To initiate the student in the practice and controversies of history, the LSE’s Economic History Department had us read E.H. Carr’s What is History?, originally the 1961 Trevelyan lectures at Cambridge U. That’s a while ago. One expects a terse piece dealing with some debate that have since been “obviously” resolved or obsessed by some minor quibble that made a generation squander time and effort. There is little of it: passing protest about Oxford scholars and a passionate disdain for Professor Butterfield (the one that coined “whig” history), Isiah Berlin and Karl Popper. The pages of my copy were yellowed by the Cold War, Carr was a scholar of Soviet history. Yet, the text feels surprisingly fresh and current. Not like 1961 methodology of economics, or economics proper, sciences of “progress.” Carr’s defense of “causal history” feels a bit overstressed – looking for causes to rank them and identity interconnections; but I did not feel tempted to suggest any editing. I found some bits useful for my polemics. As when he writes,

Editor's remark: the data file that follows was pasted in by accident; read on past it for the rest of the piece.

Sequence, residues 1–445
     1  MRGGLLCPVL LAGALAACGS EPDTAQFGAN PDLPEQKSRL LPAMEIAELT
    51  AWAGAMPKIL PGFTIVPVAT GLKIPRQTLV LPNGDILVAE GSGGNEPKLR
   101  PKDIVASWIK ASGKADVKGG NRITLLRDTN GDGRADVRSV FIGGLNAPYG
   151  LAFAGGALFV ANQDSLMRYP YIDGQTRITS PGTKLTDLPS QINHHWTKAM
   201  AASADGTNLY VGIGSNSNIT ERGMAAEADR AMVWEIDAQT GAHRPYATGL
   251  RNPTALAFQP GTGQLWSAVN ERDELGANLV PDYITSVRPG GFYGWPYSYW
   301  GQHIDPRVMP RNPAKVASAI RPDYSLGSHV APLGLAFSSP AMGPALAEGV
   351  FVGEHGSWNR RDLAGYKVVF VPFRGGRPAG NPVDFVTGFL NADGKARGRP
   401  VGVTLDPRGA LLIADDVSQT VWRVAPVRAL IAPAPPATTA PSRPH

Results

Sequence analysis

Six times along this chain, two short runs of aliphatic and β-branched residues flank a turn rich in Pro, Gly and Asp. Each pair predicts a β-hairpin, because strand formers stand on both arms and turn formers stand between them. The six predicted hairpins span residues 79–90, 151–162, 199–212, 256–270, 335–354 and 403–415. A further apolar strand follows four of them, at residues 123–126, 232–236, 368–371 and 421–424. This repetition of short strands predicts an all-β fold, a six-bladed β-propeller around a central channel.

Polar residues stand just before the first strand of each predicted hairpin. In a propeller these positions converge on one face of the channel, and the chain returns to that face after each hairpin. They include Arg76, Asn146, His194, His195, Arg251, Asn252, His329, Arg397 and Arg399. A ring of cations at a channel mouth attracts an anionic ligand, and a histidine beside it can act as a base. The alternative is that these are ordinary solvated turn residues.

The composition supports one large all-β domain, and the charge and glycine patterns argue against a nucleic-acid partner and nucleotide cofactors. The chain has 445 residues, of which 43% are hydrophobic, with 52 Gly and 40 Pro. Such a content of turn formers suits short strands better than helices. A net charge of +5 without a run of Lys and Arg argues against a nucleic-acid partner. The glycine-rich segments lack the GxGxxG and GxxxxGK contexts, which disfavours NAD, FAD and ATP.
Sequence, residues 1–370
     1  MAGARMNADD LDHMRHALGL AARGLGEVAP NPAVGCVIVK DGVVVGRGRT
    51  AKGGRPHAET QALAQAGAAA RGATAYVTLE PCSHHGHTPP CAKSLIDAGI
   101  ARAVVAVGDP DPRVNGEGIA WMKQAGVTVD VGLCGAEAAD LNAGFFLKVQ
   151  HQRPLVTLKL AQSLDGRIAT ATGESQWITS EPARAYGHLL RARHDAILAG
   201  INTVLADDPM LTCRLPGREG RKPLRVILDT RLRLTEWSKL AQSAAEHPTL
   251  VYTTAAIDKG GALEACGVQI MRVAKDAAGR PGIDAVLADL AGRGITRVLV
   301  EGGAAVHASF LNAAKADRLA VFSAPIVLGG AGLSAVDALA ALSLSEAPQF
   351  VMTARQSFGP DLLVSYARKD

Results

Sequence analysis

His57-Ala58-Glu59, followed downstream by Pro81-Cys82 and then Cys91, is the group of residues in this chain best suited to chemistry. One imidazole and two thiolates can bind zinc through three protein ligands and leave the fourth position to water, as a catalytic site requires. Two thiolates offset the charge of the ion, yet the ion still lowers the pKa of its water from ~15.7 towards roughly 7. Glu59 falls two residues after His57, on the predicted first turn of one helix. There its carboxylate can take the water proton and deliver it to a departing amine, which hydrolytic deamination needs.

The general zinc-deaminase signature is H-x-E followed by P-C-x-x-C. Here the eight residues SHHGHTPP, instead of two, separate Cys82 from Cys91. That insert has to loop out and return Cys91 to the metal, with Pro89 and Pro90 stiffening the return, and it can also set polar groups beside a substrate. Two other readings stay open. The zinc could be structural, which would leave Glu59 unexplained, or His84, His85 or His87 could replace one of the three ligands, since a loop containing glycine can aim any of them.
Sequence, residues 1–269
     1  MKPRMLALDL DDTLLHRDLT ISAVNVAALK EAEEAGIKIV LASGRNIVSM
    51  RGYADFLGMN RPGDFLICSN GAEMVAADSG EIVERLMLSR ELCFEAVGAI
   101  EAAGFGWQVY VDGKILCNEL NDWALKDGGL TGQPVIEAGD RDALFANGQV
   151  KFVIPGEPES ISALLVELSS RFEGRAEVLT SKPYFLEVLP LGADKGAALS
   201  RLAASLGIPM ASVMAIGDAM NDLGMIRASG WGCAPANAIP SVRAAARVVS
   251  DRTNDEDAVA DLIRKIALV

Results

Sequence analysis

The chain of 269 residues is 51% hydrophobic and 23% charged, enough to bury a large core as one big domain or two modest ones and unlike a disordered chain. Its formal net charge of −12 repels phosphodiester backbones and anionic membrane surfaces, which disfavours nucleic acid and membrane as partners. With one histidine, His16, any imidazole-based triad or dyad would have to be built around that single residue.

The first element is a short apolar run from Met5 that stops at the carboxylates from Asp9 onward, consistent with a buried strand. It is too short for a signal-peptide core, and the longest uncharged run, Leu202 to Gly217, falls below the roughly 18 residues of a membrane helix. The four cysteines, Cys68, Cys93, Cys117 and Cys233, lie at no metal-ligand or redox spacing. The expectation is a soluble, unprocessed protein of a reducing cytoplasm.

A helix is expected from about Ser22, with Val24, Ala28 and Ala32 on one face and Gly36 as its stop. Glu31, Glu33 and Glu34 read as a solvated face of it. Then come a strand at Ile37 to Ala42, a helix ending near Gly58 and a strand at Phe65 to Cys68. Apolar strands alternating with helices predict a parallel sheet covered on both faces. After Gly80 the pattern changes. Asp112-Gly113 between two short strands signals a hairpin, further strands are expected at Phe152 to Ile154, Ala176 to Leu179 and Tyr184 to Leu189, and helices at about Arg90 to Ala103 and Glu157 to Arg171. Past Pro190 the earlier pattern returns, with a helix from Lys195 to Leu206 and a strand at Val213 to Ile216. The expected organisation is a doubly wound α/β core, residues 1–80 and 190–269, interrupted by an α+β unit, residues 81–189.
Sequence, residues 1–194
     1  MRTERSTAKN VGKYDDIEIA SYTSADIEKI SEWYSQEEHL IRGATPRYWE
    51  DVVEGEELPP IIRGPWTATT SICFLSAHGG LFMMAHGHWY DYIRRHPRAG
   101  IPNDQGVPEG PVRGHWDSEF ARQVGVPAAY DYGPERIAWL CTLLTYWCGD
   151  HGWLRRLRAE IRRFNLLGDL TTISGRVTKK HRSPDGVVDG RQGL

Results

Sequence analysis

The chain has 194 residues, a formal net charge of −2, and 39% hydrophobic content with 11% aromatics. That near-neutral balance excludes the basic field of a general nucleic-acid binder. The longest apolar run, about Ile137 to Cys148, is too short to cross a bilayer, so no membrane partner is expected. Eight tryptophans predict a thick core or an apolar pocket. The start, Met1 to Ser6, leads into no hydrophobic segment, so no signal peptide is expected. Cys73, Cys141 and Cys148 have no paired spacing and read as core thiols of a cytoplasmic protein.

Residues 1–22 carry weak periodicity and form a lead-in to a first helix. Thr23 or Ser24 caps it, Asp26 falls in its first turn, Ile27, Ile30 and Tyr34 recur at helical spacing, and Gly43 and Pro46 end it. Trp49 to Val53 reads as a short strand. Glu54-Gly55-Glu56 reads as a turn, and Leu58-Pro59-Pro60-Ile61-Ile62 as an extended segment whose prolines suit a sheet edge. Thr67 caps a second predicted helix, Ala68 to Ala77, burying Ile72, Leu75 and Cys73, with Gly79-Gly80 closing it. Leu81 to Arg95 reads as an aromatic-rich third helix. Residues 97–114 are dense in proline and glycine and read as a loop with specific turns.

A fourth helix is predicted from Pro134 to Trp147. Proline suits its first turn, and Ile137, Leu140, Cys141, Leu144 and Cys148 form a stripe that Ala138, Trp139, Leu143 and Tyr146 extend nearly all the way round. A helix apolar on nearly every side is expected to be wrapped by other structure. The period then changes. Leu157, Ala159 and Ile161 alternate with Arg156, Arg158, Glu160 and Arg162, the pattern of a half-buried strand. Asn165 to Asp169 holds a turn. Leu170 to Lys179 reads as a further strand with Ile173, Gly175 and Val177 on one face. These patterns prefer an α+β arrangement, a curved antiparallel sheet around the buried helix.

To describe something as mischance is a favorite way of exempting oneself from the tiresome obligation to investigate its cause and, something tells me that history is a chapter of accidents, I tend to suspect him of intellectual laziness or low intellectual vitality. — p. 102.
Carr is superb in his discussions of history in relation to morality, to biography and the dramatis personae, to the dialogue of past, present and future.
How can that be? How can problems of history feel so much the same? Is there no progress in history? Are there no major quandaries in the theory of history after we’ve settled into a moderate materialism and sociologism? Carr knew the answer in 1961. History is not about method development or the reaching up for some Truth. It’s an open ended labour of imagination and curiosity, playing past, present and future in a mutual construction. History is the celebration of change. Party on!